So much for having control of the players you have under contract, huh?
The never ending saga that is Dwight Howard's trade demands will, hopefully, soon come to an end. For the sake of the Magic, the NBA and its fans, it needs to end.
Beyond all of this comes the fact that owners have even less control over players, star players no less, than ever before.
Orlando has bent itself backwards and revamped their entire organization. Yet, they will lose Howard because of his inability to commit to anything. Howard may be a dramatic example, but he could very well just be the start of a horrible trend for NBA owners.
Who's stopping other players who come into the league and have huge egos, from doing the same thing Howard is doing? Demanding trades is one thing, that happens all the time in sports. However, it's the fact that the entire organization looks different because of Howard's demands and now he won't even be around to see those changes through.
NBA owners should take note: avoid players that have the potential to be another Howard or your entire organization could end up in the tubes. Much like where the Magic are right now.
Putting Olympic Players, Themselves at Risk
photo courtesy: sidelinestoriez.com
When the lockout ended, it meant that the NBA schedule would be dramatically condensed in order to fill a certain number of games. This number (66) would be used to make the season worth playing. Also, this meant tighter schedules and more back-to-back games for each team.
Because of this fact, the health of players was at an all-time (high) risk level. Not only did that affect some players throughout the regular season and the playoffs, but it also will affect those playing for the Men's Olympic National Team this summer in London.
Now, it may only be 12 players playing for Team USA, but they are also the biggest names the NBA has to offer.
With the biggest names and the best players continuing to play competitively throughout the summer, these same players have the potential to be completely drained by the start of next season.
Obviously, this isn't the first time Team USA has been assembled of the best in the NBA, but it is the first time those players are coming off of a condensed season, right into Olympic play and back into regular basketball.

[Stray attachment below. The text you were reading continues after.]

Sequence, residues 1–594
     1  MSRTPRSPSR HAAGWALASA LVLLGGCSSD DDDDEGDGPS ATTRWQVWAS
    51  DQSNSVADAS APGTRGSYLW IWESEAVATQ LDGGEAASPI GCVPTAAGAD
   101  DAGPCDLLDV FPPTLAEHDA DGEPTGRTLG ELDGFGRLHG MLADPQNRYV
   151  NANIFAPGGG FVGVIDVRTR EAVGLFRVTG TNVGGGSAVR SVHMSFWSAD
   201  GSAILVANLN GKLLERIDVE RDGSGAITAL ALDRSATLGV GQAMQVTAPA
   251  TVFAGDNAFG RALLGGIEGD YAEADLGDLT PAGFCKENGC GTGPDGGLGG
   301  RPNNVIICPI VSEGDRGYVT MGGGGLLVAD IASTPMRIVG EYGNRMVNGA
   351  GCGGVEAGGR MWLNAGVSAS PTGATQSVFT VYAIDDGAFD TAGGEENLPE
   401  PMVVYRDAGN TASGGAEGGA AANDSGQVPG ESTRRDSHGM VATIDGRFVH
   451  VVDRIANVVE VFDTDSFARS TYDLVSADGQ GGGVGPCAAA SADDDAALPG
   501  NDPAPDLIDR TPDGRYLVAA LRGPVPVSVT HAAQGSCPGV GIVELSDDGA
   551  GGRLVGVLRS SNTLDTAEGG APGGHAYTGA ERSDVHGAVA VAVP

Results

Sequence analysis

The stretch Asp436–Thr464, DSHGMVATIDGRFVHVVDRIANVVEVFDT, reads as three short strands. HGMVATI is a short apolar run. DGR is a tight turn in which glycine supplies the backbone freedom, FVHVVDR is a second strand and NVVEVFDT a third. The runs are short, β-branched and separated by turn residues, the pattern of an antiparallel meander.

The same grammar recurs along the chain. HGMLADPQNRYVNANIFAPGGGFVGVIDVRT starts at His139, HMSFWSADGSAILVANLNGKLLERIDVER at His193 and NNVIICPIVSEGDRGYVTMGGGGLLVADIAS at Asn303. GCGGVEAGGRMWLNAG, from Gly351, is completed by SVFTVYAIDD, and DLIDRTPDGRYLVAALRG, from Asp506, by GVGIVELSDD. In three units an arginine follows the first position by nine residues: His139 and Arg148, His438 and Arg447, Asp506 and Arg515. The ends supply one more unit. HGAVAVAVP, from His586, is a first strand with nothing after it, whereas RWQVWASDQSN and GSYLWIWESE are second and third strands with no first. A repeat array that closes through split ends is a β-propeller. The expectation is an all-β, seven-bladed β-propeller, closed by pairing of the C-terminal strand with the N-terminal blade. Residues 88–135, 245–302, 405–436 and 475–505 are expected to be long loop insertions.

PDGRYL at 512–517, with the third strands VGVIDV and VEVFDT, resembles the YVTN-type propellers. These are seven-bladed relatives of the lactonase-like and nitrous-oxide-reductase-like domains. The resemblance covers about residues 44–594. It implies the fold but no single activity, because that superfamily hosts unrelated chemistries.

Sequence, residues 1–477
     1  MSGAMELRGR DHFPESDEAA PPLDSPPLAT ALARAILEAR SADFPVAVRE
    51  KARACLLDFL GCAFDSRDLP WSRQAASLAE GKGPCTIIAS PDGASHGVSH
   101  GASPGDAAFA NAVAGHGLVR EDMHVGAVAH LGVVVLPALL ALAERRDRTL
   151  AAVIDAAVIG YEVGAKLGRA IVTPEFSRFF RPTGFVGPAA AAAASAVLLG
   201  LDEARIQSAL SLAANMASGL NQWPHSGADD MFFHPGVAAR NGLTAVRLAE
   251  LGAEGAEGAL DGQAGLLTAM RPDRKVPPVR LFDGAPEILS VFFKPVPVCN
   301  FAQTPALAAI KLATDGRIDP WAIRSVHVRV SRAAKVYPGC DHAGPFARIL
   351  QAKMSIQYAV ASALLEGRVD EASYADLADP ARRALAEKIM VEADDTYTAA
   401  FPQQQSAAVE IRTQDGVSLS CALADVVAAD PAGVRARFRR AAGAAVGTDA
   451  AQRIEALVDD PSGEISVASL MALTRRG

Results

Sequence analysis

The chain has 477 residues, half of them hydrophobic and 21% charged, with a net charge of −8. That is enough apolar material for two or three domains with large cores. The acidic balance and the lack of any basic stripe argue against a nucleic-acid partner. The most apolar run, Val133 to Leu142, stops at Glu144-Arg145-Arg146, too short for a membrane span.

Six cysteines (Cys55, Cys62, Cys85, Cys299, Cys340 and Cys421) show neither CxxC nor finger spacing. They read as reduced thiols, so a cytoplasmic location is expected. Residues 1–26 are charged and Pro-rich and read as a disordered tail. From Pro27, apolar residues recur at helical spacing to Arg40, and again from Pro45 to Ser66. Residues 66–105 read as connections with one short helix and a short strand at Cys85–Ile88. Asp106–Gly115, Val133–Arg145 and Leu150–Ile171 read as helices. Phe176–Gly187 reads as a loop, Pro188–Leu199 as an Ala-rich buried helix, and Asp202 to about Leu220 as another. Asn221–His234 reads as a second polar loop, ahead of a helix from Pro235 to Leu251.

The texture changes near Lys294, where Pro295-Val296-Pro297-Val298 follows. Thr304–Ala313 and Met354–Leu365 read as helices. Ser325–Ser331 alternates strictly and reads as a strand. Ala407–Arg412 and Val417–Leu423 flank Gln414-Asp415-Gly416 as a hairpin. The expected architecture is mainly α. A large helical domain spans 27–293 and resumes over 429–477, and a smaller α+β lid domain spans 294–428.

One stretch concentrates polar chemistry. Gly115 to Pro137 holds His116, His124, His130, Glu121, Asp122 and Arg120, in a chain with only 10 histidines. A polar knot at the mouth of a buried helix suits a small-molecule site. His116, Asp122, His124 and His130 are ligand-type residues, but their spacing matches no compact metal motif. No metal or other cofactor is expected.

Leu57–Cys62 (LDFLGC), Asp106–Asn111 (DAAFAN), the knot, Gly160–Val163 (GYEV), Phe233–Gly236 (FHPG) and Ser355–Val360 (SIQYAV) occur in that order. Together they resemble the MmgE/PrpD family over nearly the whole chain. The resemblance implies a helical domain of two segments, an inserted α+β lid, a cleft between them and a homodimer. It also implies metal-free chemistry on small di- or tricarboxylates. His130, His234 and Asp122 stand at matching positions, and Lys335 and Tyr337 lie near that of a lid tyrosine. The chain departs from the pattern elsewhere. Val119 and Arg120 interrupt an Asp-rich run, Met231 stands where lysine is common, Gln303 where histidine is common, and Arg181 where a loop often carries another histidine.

NBA owners who have players on the National Team should be scared of fatigue and potential injury come November. Had the lockout been resolved in time to satisfy the normal NBA schedule, the risk wouldn't be as high as it is right now.
Owners and organizations must now hope that their players do not get injured, or completely drained physically, while representing the United States, or they will be kicking themselves for extending the lockout as far as it did.
One Huge Mess
Welcome the new group of players who will soon run the league.
Right now, even after a successful 2011-12 NBA season, the league and its owners are in a flux in terms of players and money control.
The entire purpose for the owners to continue the lockout the way they did was to control their capital and what players earn. Owners also wanted to be able to protect their investments (players) better than before.
With all the lucrative contracts (mostly being offered to unproven, younger players), having the players choose their own paths even while under contract and the possibility of players sustaining injuries due to increased work loads, owners are on the losing end of this lockout.
Overall, the players still run the league and management must bow down to them until further notice. In the end, the lockout was a waste of time for the owners seeking control over their teams.
Players run the NBA. It appears there is no stopping them from doing so for a long time.